Stephen Sondheim's Death: Stars Pay Tribute to Broadway Legend

Following the news of Stephen Sondheim’s death on Friday, there was an outpouring of tributes and condolences on social media dedicated to the musical theater icon.

Sondheim, the legendary Broadway composer and lyricist, died at the age of 91  at his Connecticut home, according to The New York Times. He penned lyrics for musicals like West Side Story and Gypsy and wrote the words and music to FolliesA Funny Thing Happened on the Way to the Forum, Sweeney Todd, Into the Woods, and more.

Just a few weeks ago, a revival of his musical Company returned to Broadway after being postponed due to the COVID-19 pandemic, while Steven Spielberg’s new take on West Side Story is due next month.

“Thank the Lord that Sondheim lived to be 91 years old so he had the time to write such wonderful music and GREAT lyrics!” wrote icon Barbra Streisand on Twitter. “May he Rest In Peace.”

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Broadway veteran Bernadette Peters tweeted that she was “so so sad to lose my friend Steve Sondheim,” adding “thank you for all the gifts you gave the world Steve.”

Jake Gyllenhaal, who starred in Sondheim’s musical Sunday in the Park with George, wrote on Instagram that he was “grateful to have shared time with the master and maestro of American musical theater.”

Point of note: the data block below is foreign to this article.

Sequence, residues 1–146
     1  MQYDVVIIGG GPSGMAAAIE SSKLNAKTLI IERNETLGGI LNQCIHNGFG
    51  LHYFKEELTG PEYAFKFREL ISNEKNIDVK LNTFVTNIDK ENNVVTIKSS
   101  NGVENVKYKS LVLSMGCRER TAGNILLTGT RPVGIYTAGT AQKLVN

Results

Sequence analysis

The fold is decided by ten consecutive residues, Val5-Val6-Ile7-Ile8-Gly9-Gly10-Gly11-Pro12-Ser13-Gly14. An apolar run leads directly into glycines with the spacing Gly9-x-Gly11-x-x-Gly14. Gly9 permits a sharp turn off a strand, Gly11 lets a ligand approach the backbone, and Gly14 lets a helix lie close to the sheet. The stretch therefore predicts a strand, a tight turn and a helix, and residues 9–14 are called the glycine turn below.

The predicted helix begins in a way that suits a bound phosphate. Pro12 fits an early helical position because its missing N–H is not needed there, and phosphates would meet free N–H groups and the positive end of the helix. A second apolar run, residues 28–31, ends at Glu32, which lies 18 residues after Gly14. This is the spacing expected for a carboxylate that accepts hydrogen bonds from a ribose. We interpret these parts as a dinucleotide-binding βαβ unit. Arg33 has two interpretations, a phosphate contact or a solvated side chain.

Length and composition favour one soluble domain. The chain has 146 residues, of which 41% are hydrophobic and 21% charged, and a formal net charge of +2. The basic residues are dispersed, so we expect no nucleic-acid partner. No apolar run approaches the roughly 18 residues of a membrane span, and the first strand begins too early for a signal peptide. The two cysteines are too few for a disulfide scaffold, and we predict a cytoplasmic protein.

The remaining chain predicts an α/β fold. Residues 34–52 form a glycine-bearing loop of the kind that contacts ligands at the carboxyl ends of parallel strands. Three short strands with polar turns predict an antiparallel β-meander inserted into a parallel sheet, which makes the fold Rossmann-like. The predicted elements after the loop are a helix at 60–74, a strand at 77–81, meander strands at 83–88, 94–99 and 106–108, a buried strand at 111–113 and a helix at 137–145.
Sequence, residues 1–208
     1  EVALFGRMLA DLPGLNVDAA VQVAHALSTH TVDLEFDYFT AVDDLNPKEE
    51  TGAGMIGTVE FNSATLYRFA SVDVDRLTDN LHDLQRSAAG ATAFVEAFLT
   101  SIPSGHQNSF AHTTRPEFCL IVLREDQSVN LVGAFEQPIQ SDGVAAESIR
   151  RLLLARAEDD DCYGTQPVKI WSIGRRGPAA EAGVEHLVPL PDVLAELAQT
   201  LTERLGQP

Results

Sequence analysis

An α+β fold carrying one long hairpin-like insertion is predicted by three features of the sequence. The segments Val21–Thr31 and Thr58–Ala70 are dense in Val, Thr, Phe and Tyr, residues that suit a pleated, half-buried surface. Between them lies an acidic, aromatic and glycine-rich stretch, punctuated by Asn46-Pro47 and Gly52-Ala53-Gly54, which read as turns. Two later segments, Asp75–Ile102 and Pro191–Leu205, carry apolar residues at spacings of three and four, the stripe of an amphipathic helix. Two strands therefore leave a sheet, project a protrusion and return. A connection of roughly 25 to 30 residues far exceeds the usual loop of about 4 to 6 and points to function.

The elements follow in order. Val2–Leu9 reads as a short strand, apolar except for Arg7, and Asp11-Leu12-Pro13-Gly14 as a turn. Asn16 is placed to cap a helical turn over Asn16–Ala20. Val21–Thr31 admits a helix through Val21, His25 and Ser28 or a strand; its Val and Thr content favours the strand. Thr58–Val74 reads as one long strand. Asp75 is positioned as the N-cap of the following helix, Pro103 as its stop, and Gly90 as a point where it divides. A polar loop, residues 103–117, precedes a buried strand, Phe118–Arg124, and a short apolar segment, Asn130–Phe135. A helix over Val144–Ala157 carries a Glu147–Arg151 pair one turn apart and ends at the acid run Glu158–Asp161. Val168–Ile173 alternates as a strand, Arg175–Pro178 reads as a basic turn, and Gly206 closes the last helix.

A post shared by Jake Gyllenhaal (@jakegyllenhaal)

Orange Is The New Black star Uzo Aduba called Sondheim “the best there ever was.” “I don’t know when we will ever have another of his caliber, of his breadth and scope,” she added.

“Every so often someone comes along that fundamentally shifts an entire art form. Stephen Sondheim was one of those,” actor Hugh Jackman tweeted. As millions mourn his passing I also want to express my gratitude for all he has given to me and so many more. Sending my love to his nearest and dearest.

Actress Anna Kendrick called Sondheim’s death “a devastating loss.”

Author Neil Gaiman revealed that Sondheim wrote him “a wonderful permission letter to use ‘Old Friends’ in American Gods.”

See more remembrances of the late Broadway legend below:

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